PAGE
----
Coronavirus is spurring the next recession now

coronavirus recession

There was talk of a recession before the novel coronavirus started to spread, but those fears have picked up dramatically. The yield curve has now steepened, signaling that a recession is imminent as the coronavirus continues to play out worldwide.

Get The Full Ray Dalio Series in PDF

Get the entire 10-part series on Ray Dalio in PDF. Save it to your desktop, read it on your tablet, or email to your colleagues

Q4 2019 hedge fund letters, conferences and more

Steepening yield curve signals recession

In a note on Wednesday, Canaccord Genuity analysts Tony Dwyer and Michael Welch said the steepening of the yield curve not only signals a recession but indicates that one is imminent. Over the last month alone, the U.S. economy has downshifted from reaccelerating to almost a complete shutdown due to measures to deal with the coronavirus, which they expect to trigger a recession.

They noted that the two-year and 10-year Treasury yield curve steepened to 64 basis points after inverting on Aug. 26. In the last seven cycles, recession has also ways come after curve inversions. However, they believe the length of time between the inversion and the next recession has been pulled forward by the social distancing mandates due to the coronavirus.

Recession has already begun amid the coronavirus

In their recent commentary, management from Crescat Capital said the recession has already started.

“Stocks are acting like it’s the Great Depression again and we believe a recession has already begun,” they wrote.

The said the probability for a U.S. recession jumped above 50% on one Bloomberg indicator, reaching the highest level since the global financial crisis. They added that the indicator leads unemployment changes by five months with a correlation of 0.81. Further, they said it suggests the labor market has peaked.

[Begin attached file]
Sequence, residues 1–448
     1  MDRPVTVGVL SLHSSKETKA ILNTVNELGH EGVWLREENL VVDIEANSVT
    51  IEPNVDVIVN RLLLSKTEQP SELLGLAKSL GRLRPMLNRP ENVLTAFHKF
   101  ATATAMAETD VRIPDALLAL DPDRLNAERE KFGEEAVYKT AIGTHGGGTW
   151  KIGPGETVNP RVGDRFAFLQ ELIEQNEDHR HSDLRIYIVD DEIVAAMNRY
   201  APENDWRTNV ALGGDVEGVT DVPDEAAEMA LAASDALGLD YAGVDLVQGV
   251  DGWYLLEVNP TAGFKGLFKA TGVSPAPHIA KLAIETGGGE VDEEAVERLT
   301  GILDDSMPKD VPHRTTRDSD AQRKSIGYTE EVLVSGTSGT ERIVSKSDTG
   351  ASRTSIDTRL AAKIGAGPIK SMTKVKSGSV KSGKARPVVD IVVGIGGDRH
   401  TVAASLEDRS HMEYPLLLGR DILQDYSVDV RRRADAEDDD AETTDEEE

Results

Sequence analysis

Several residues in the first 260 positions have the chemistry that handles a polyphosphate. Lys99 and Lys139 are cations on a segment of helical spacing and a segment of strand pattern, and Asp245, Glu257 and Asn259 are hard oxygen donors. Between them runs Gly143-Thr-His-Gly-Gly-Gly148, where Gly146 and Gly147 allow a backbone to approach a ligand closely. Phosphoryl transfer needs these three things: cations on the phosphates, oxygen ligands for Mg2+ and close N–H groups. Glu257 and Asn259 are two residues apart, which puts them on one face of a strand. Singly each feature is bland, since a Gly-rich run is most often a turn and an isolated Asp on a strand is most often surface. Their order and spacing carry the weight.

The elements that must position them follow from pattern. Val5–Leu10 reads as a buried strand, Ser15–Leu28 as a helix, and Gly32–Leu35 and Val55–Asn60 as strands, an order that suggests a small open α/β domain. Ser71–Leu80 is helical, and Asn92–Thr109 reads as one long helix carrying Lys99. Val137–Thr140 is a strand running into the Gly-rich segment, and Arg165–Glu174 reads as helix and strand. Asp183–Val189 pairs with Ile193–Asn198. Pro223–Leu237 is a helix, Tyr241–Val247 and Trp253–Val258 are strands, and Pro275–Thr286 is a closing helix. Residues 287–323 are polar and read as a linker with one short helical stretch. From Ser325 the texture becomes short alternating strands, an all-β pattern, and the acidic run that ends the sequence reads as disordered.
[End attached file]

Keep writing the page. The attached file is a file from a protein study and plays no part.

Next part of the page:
Crescat Capital management believes corporate earnings will plunge, and unemployment will surge, noting that such situations would be “perfectly normal” because of the business cycle.

“It must play out at always to purge the economy and markets of their sins and prepare the way for the next growth phase,” they wrote. “From the February top for large cap stocks, it would take a 56% selloff just to get to long term mean valuations, a 74% decline to get to one standard deviation below that.”

Here’s what the Fed is doing

The Federal Reserve has been resorting to historic measures to keep money moving as the economy lurches to a virtual standstill. The Fed announced that it will start up the Primary Dealer Credit Facility again, which was originally set up in 2008. The facility enables primary dealers to support the functioning of the market and make credit available to individuals and businesses.

The Fed also launched the Commercial Paper Funding Facility, which was also last use during the global financial crisis. The facility enables the central bank to buy unsecured and asset-backed commercial paper from eligible companies.

Spreads in the commercial paper have widened quickly, Nomura analyst Lewis Alexander and team said in a note this week. The central bank also cut rates …read more

Source:: ValueWalk


(Visited 1 times, 1 visits today)

Leave a Reply

Your email address will not be published. Required fields are marked *